if wealth were the highest good of a nation, and pecuniary profit the only standard by which a wise policy could be measured, it would even then be more than questionable, how far this system could be justified. But there are higher and more sacred principles involved in this question, which cannot be safely disregarded; there are considerations of justice, and political equality, which rise far above all calculations of mere profit and loss. Sir, what will it profit you, if you gain the whole world, and lose the hearts of your people? This is a confederated government, founded on a spirit of mutual conciliation, conces, sion, and compromise; and it is neither a just, prudent, nor rightful exercise of the high trust with which you are invested for the common good, to resort to a system of legislation by which benefits and burdens are unequally distributed. Sir, can any gentleman look this subject fairly in the face, and not perceive that such a government as ours instituted for a few definite purposes, in which every portion of the union must, from the very nature of things, have a common interest) cannot turn aside from its high duties, and undertake to control the domestic industry of individuals, without undermining the very foundations of our republican system? It is contrary to the whole genius and character of our institutions, the very form and structure of our government, that it should undertake to regulate the whole labor and capital of this extensive country. A perseverance in this course will sow the seeds of dissension broadcast throughout the land; and let it be remembered, that discord is not a plant of slow growth, but one that flourishes in every soil, and never fails to produce its fruit in due season. What a spectacle do you even now exhibit to the world ? A large portion of your fellow-citizens, believing themselves to be grievously oppressed by an unwise and unconstitutional system, are clamoring at your doors for justice, while another portion, supposing that they are enjoying rich bounties under it, are treating their complaints with scorn and contempt. God only knows where all this is to end. But, it “will not, and it cannot, come to good.” We at the south still call you our brethren, and have ever cherished towards you the strongest feelings of affection ; but were you the brothers of our blood, for whom we would coin our hearts, it is not in human nature that we should long continue to retain for you undiminished affection, when all hope of redress shall have passed away, and we shall continue to believe that you are visiting us with a hard and cruel oppression, and enforcing a cold, heartless, and selfish policy.




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Talents, whenever they have had a suitable theatre, have never failed to emerge from obscurity, and assume their proper rank in the estimation of the world. The jealous pride of power may attempt to repress and crush them; the base and malignant rancor of impotent spleen and envy may strive to embarrass and retard their flight: but these efforts, so far from achieving their ignoble purpose, so far from producing a discernible obliquity in the ascent of genuine and vigorous talents, will serve only to increase their momentum, and mark their transit with an additional stream of glory.

When the great earl of Chatham first made his appearance in the house of commons, and began to astonish and transport the British parliament and the British nation, by the boldness, the force, and range of his thoughts, and the celestial fire, and pathos of his eloquence, it is well known that the minister, Walpole, and his brother Horace, from motives very easily understood, exerted all their wit, all their oratory, all their acquirements of every description, sustained and enforced by the unfeeling “insolence of office,” to heave a mountain on his gigantic genius, and hide it from the world.—Poor and powerless attempt !—The tables were turned. He rose upon them, in the might and irresistible energy of his genius, and in spite of all their convulsions, frantic agonies, and spasms, he strangled them and their whole faction, with as much ease as Hercules did the serpent Python.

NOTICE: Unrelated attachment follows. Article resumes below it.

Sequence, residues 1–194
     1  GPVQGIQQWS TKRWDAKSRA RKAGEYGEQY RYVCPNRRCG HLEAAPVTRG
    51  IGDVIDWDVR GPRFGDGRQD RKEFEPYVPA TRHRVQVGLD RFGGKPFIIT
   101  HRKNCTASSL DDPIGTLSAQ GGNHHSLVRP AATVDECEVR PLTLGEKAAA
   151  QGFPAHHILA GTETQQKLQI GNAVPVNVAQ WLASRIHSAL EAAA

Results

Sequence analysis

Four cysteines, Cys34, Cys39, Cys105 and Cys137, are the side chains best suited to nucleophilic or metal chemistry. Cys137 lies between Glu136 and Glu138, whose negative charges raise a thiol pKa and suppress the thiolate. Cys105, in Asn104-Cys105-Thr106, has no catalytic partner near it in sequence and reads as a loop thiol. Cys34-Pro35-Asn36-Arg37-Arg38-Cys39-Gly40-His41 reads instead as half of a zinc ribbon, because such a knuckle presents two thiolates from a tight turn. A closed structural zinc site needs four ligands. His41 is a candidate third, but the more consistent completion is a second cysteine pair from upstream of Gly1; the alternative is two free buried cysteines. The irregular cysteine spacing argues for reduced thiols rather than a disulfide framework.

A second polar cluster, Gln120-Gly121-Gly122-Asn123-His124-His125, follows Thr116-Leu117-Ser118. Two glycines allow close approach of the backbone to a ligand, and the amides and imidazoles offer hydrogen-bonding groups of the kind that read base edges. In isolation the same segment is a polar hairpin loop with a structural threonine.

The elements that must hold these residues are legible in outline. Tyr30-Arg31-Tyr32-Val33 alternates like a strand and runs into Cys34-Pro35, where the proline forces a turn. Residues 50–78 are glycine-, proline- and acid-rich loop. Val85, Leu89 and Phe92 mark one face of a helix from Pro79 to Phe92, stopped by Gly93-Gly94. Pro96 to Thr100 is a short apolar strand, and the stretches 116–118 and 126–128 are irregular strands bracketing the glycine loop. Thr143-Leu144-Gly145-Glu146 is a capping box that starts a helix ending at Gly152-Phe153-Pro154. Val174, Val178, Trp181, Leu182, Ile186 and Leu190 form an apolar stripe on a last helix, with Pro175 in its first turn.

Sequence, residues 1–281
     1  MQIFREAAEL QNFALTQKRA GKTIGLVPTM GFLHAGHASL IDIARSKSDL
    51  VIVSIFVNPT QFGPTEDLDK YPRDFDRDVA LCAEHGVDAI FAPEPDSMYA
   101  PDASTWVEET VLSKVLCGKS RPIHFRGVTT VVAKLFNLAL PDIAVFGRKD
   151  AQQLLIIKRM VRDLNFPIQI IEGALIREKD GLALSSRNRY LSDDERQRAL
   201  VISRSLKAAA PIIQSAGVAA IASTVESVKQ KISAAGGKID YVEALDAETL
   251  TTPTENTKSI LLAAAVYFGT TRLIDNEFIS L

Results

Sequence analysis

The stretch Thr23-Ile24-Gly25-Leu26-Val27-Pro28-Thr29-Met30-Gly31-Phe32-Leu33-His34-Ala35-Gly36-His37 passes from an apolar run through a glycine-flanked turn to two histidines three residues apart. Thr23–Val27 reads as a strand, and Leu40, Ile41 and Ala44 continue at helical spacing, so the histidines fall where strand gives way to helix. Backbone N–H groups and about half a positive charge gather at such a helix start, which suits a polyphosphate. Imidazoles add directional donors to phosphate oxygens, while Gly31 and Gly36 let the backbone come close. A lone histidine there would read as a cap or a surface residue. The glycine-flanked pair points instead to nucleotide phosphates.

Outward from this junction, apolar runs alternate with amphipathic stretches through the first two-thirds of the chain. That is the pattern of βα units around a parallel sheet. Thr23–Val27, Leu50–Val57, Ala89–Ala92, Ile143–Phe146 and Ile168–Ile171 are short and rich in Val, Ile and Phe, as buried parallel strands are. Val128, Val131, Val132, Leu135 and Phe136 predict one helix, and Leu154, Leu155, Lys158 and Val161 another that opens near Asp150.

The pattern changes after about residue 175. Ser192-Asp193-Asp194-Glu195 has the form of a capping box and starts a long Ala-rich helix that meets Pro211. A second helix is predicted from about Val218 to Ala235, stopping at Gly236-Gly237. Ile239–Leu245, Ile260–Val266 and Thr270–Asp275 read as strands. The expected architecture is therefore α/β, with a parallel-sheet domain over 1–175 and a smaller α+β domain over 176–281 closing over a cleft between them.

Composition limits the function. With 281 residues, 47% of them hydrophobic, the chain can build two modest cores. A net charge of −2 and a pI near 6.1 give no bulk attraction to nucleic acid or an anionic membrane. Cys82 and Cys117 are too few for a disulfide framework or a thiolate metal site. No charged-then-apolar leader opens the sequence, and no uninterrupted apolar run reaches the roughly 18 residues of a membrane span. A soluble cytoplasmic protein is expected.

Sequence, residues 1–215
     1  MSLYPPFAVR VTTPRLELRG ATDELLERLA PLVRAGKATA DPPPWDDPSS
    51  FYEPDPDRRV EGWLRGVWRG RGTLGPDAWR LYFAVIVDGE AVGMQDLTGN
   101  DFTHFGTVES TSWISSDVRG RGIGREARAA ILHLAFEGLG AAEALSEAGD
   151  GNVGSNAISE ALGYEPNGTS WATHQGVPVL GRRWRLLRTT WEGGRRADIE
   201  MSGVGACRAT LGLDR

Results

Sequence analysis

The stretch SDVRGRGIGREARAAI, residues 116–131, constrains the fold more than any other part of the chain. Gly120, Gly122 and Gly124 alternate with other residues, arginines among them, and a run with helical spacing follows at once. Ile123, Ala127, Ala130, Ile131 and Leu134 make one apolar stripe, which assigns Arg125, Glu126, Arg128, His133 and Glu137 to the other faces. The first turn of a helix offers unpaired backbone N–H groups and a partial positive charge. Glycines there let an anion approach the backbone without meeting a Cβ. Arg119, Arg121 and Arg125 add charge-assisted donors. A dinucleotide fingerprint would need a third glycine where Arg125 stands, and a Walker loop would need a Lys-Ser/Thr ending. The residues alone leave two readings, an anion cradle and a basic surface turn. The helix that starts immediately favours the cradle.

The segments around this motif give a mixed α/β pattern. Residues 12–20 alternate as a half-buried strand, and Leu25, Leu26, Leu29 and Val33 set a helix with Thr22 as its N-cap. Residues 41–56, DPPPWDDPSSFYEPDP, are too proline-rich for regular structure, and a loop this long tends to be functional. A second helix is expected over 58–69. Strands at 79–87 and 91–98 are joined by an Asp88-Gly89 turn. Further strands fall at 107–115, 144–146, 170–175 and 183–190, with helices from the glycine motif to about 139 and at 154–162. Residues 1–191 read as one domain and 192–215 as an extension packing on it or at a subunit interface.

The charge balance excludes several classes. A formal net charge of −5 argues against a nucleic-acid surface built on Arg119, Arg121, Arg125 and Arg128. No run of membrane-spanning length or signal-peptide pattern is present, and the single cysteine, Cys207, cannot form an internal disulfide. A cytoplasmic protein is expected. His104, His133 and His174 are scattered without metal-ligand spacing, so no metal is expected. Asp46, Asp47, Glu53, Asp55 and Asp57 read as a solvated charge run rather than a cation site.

Who can turn over the debates of the day, and read the ac count of this conflict between youthful ardor and hoary-headed cunning and power, without kindling in the cause of the tyro, and shouting at his victory? That they should have attempted to pass off the grand, yet solid and judicious operations of a mind like his, as being mere theatrical start and emotion ; the giddy, hair-brained eccentricities of a romantic boy! That they should have had the presumption to suppose themselves capable of chaining down to the floor of the parliament, a genius so etherial, towering and sublime, seems unaccountable ! Why did they not, in the next breath, by way of crowning the climax of vanity, bid the magnificent fire-ball to descend from alted and appropriate region, and perform its splendid tour along the surface of the earth?

Talents, which are before the public, have nothing to dread, either from the jealous pride of power, or from the transient misrepresentations of party, spleen, or envy. In spite of opposition from any cause, their buoyant spirit will lift them to their proper grade.

The man who comes fairly before the world, and who possesses the great and vigorous stamina which entitle him to a niche in the temple of glory, has no reason to dread the ultimate result ; however slow his progress may be, he will, in the end, most indubitably receive that distinction. While the rest, " the swallows of science,” the butterflies of genius, may flutter for their spring; but they will soon pass away, and be remembered no more. No enterprising man, therefore, and least of all, the truly great man, has reason to droop or repine at any efforts which he may suppose to be made with the view to depress him. Let, then, the tempest of envy or of malice howl around him. His genius will consecrate him; and any attempt to extinguish that, will be as unavailing, as would a human. effort “ to quench the stars.”


But am I reduced to the necessity of proving this point ? Certainly the very men who charged the Indian war on the detention of the posts, will call for no other proof than the recital of their own speeches. It is remembered with what emphasis, with what acrimony, they expatiated on the burden of taxes, and the drain of blood and treasure into the western country, in consequence of Britain's holding the posts. Until the posts are restored, they exclaimed, the treasury and the frontiers must bleed.

If any, against all these proofs, should maintain that the peace with the Indians will be stable without the posts, to them I will urge another reply. From arguments calculated to pro duce conviction, I will appeal directly to the hearts of those who hear me, and ask, whether it is not already planted there? I resort, especially, to the convictions of the western gentlemen, whether, supposing no posts and no treaty, the settlers will remain in security ? Can they take it upon them to say, Indian peace, under these circumstances, will prove firm ? No, sir, it will not be peace, but a sword : it will be no better than a lure to draw victims within the reach of the tomahawk.

On this theme, my emotions are unutterable. If I could find words for them, if my powers bore any proportion to my zeal, I would swell my voice to such a note of remonstrance, it should

that an